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Second Source Evaluation: Bitter Lake

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“Bitter Lake” thumbnail

The United States played a role in the creation of nowadays terrorist groups through the funding of the Mujahideen back in the Cold War. The documentary “Bitter Lake” on BBC made by Adam Curtis was the breakthrough point in my research. The film went in depth into the relationship between the United States, Russia, Britain and Afghanistan as well as its surrounding Muslim country including Saudi Arabia and most importantly, how they all deal with the Muslim extremists. The visualization with clips taken directly from the battlefield really helped with understanding the magnitude of the situation as well as the feeling of the people affected by the conflict.

 

The documentary showed in detail how the rebellious Mujahideen – armed and funded by the United States and Saudi Arabia – developed into the infamous terrorist groups Al-Qaeda and Taliban that we know of today. The rebels -Osama bin Laden amongst them – allied with the States and fought against the spread of the feared Soviet communism in the Muslim countries, mainly in Afghanistan. However, when the Russians left in 1995, chaos pursued as the Mujahideen groups branched out into different groups, despite having a similar core belief of Wahhibism – an anti modern world, extreme Islam belief. The two major Jihadist groups that came out of this was the Taliban and Al-Qaeda with the leading figure Osama bin Laden. Both groups in the end were headed towards the idea of a caliphate, ideally bringing the world back to how Muslims lived in the centuries ago before technology and uniting all the Muslim nations.  The documentary then explains how the West is repeating history by sending troops back into the Middle East to force democracy, a mistake that Russia had made only a couple of decades ago with communism.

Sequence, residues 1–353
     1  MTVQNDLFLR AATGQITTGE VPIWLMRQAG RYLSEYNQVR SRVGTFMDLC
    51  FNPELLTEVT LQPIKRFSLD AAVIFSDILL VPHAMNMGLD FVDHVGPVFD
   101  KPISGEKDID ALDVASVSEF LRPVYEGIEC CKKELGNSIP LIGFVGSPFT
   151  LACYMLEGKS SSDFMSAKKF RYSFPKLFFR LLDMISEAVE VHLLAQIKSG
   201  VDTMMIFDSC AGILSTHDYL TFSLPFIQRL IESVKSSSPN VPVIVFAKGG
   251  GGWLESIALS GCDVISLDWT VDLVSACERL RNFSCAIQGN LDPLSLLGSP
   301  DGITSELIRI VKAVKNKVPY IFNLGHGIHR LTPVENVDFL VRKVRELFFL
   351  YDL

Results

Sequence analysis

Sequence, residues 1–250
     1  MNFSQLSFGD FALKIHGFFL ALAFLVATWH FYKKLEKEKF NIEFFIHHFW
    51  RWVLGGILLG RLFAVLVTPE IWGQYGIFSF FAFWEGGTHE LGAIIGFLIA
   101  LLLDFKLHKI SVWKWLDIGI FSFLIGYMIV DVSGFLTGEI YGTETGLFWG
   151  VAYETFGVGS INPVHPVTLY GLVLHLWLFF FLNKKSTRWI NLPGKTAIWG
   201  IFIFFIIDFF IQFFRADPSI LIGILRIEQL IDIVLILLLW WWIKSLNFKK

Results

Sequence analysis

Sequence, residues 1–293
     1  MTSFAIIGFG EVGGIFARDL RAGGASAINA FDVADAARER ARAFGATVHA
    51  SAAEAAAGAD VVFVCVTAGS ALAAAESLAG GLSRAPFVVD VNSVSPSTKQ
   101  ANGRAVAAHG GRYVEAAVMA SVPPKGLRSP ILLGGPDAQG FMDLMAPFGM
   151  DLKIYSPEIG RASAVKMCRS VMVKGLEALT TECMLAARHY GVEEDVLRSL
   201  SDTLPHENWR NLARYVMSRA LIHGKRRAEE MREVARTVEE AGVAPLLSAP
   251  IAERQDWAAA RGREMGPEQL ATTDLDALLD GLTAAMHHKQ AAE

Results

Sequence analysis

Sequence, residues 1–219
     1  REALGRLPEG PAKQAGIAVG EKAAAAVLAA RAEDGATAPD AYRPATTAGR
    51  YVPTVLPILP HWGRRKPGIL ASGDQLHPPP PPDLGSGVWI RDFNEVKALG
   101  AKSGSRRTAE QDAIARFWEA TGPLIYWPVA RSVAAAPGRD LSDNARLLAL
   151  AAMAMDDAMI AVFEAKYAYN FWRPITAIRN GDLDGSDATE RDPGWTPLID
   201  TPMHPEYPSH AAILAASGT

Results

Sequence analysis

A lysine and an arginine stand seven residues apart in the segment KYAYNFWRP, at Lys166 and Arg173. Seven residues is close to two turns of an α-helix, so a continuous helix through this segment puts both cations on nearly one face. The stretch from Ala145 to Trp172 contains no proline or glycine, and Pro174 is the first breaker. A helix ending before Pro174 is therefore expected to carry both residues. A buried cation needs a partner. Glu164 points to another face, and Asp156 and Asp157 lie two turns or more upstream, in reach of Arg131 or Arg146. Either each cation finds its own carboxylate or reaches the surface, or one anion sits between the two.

The documentary went really in depth with all the points it had made and gave lots of details supporting their argument. However, one weakness to the source is that it’s a film documentary based on research of an English film maker, which could’ve meant bias towards the reasoning for the West. Nevertheless, it contributed greatly to my research paper and will be key information I can look back on.

 

Source:

Curtis, Adam, director. Bitter Lake. BBC, 2015.

Published inResearch Paper

One Comment

  1. JPT JPT

    A handy treatment of a pretty solid view and while I admit that you miss a chance to account or contextualize the leftward bias of even this state-sponsored (or BBC at least) documentary. Curtis tends to go for the easy emotional appeal but you focus on all the key underlying trends of Wahabism and the Saudi connection. good work! 46.5/50

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